To make real sector resistant to shocks, companies' liabilities similarly to income and assets price also should be flexible. Liability flexibility may be provided by profit/loss sharing financing. As a result of flexibility of liabilities, companies and real sector in whole will be more flexible and respond to economic shocks better. Profit participating financing will strengthen stability of banks too as money attracted by banks are not debt but trust account or money transferred to bank in trust, and yield from operation is divided between owner of money and manager (bank).

Thus profit/loss sharing will provide more equitable distribution of risks and losses between companies, banks and depositors and so prevent the concentration of risk, which will make the financial system more stable.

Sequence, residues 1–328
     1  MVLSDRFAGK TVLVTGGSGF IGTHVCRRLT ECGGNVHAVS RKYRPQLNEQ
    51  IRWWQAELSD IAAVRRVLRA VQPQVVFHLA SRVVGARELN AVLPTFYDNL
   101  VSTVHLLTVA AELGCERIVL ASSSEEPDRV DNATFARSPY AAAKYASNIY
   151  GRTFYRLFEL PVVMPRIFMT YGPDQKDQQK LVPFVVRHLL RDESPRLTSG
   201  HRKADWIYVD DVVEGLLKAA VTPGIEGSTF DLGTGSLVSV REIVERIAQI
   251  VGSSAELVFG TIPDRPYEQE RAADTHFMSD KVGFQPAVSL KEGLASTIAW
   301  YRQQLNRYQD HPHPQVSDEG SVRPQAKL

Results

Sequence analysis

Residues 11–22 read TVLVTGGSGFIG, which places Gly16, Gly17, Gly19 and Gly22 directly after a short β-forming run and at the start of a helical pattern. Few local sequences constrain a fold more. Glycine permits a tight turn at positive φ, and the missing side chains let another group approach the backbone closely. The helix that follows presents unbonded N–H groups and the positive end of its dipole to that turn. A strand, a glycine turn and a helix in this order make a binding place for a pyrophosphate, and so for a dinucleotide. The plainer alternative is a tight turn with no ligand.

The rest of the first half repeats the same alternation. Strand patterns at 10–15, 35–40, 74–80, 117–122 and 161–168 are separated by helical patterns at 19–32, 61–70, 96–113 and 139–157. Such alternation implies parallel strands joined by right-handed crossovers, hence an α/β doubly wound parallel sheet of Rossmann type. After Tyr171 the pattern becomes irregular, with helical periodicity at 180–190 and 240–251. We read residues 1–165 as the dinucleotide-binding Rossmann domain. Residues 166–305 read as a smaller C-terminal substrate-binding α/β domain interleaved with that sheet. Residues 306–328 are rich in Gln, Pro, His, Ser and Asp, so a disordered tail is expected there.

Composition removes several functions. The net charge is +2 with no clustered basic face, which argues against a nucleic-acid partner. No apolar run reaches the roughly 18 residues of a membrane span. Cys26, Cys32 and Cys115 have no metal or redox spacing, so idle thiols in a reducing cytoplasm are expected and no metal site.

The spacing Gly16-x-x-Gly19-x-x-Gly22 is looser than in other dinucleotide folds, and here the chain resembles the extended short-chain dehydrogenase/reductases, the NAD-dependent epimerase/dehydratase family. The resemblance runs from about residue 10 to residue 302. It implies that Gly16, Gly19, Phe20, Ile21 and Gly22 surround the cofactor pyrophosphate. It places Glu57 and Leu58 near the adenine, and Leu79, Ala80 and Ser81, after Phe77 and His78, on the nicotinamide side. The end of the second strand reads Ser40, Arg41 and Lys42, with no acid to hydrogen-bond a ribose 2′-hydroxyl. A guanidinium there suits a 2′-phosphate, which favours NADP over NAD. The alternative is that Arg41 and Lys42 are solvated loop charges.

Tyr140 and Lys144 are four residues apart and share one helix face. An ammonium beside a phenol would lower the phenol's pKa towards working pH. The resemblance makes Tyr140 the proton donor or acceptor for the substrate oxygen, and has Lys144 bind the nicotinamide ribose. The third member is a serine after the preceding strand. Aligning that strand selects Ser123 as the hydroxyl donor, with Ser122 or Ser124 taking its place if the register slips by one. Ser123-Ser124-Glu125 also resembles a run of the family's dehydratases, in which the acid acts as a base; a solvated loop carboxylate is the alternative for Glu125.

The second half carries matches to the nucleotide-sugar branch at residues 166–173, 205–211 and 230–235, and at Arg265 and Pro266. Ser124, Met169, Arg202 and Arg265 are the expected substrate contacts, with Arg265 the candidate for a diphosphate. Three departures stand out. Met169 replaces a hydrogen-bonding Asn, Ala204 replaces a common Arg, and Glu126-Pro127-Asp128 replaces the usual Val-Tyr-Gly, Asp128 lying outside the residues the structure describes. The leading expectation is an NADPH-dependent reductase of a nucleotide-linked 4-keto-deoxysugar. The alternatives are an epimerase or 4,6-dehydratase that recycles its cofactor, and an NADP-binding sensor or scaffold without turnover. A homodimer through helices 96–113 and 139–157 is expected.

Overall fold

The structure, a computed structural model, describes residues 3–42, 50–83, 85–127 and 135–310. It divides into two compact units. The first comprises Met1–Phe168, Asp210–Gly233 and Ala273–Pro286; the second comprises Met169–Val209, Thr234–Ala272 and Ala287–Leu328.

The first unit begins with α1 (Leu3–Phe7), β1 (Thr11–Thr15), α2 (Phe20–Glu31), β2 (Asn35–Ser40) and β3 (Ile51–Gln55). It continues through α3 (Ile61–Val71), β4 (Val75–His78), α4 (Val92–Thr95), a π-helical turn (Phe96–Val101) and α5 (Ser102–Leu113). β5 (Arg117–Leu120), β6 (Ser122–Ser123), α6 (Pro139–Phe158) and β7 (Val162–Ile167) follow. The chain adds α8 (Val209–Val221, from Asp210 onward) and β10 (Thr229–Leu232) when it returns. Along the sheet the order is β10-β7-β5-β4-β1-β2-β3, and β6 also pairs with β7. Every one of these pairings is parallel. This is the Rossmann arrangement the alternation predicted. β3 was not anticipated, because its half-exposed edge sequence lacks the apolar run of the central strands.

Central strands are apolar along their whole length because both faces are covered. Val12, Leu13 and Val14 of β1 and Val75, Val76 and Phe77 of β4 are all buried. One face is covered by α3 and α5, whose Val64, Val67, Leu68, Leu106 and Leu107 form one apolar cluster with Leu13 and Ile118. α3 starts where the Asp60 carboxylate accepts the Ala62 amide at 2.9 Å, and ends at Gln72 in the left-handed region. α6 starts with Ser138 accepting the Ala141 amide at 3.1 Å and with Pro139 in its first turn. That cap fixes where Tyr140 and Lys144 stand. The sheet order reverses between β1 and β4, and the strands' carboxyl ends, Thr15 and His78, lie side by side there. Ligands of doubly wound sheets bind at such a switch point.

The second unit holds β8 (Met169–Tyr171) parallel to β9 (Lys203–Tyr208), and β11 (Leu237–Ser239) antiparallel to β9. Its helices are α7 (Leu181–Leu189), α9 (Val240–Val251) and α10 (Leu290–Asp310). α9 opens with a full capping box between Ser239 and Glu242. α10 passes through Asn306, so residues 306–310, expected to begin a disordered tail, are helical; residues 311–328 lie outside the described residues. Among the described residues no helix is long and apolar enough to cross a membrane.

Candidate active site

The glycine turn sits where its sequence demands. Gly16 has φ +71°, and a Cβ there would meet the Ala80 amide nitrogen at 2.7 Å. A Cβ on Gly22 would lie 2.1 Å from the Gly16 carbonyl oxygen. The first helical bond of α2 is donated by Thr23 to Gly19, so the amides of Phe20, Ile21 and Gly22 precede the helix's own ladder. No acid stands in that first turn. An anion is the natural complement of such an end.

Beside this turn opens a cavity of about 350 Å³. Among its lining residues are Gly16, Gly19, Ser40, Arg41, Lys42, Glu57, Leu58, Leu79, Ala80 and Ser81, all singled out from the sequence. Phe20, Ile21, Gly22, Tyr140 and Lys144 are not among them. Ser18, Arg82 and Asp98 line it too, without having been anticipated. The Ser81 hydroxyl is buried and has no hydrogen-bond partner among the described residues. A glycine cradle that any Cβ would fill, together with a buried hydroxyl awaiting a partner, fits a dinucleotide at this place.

Debt rigidity causes a debt crisis not only during recession but during economic growth too. So during economic growth when companies' incomes and asset prices increase but they liabilities remain, the value of external financing becomes less than the value of internal financing (i.e. comparative value of external financing decreases) that encourage them to borrow more. And credit boom as it was suggested by the Austrian school creates the prerequisites for debt crisis. According to the Austrian business cycle theory the boom-bust cycle is generated by excessive credit expansion by the banks which offer loans at low interest rates. Due to the availability of relatively inexpensive funds, companies invest in capital goods for "longer process of production" technologies, but later when economy enters recession and borrowers' become unable to fulfill debt they are forced to discounted sale of the capital assets which were purchased with such bank credit (Mises, 1912).

Debt rigidity, credit crisis and Japanese crisis